Do you believe most businesses can be bootstrapped?

Yes and no — to some extent and at certain stages of the business. The one thing that start-ups who believe in themselves must jealously guard is the management team’s equity ownership in the business. Risk funding will generally result in the start-up founders having to share this equity with outside parties. The more one can bootstrap while increasing value, the better in the long run for the founders — but not to the detriment of the business.

What is the role of bootstrapping versus funding in a vibrant market?

Bootstrapping is a viable option for most lifestyle businesses where growth is slower, but a start-up is a high growth potential company in search of a repeatable and scalable business model. If the business solves a real, meaningful problem and the business model is scalable, it’s a question of time before competitors establish themselves in the market. This means that the window of opportunity for growth and market penetration is closing, and while bootstrapping could be ideal, by the time the start-up gets to ‘Point B’ — the goalposts may have moved. Funding in a vibrant market can accelerate growth and ensure that windows of opportunity are not missed.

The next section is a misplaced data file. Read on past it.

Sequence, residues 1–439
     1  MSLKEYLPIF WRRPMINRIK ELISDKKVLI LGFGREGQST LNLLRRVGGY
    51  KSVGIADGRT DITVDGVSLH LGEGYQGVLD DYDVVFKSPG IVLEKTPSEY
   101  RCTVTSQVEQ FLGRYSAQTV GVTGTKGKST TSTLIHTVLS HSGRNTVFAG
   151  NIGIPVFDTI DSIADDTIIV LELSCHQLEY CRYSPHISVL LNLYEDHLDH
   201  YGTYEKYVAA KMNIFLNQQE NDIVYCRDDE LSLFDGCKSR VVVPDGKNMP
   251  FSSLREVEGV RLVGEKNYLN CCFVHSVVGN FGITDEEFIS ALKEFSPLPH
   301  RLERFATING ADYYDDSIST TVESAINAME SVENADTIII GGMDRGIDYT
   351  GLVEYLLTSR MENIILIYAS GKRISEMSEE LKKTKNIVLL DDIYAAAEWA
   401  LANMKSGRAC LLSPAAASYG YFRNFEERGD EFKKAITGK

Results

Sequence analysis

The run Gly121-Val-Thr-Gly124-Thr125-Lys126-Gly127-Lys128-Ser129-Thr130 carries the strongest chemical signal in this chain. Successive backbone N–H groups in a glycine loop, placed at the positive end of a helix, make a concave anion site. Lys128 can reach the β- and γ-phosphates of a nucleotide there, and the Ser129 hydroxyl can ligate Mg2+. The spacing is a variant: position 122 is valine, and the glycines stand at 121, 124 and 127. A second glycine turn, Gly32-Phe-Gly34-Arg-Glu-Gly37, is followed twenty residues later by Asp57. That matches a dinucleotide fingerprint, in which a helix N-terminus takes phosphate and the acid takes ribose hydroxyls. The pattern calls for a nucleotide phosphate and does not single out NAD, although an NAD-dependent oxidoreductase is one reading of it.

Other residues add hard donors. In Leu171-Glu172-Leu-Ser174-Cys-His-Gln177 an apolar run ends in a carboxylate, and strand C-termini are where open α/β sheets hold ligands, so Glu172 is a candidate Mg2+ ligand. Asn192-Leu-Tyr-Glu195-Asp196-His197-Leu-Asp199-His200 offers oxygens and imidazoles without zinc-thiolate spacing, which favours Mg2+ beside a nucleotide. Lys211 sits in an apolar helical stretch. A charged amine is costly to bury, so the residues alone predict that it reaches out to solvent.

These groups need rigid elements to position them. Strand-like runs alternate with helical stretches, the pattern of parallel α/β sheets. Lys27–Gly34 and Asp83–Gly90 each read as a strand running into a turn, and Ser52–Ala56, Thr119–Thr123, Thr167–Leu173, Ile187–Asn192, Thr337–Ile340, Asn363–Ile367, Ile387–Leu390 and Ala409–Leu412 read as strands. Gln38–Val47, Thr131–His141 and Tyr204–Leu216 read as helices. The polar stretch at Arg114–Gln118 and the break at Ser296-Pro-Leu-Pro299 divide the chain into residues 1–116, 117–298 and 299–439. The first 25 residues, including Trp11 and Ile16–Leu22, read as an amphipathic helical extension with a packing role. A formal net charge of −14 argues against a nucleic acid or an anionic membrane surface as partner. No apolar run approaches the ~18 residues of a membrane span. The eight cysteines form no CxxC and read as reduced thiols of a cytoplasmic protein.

Related: How To Get Venture Capital

What red flags immediately warn you off investment opportunities/start-ups?

My number one red flag is a culture clash. Either between us as investors and the entrepreneurs, or subtle politics within the entrepreneurial team. We’ve learnt the hard way that the one thing that you can’t fix with money is a toxic corporate culture. Most other fundamental business gaps can be closed with enough investment. Knife Capital has an internal [subjective] measure for assessing corporate culture in companies called the ‘Speed of Climbing Stairs Index’. The theory is that there is a direct correlation between staff morale/corporate culture, and the speed at which employees will climb a proverbial staircase at the office. If it’s not fast enough, we will not invest.

Other red flags include questionable ethics, lack of product/market fit, cash flow management issues and entrepreneurs betting on a product as opposed to building a multi-product sustainable business.

What specifically do you look for in your investments?

  • A Solid Investment Case: This comprises a good product/ service with a competitive advantage; a large addressable market for that product, a strong management team, a scalable business model, funding to accelerate growth and an achievable realisation strategy.
  • Awesome People: Start-up investment is a long journey to success and we feel that we may as well embark on that journey with amazing people.
  • Strong Culture: The company culture needs to be solid in order to celebrate the successes as well as survive the setbacks.
  • Execution Capabilities: The value of an idea without execution capabilities is zero. So we look for the ability to execute.
  • Proven Traction: There needs to be some element of momentum that can be demonstrated or quantified.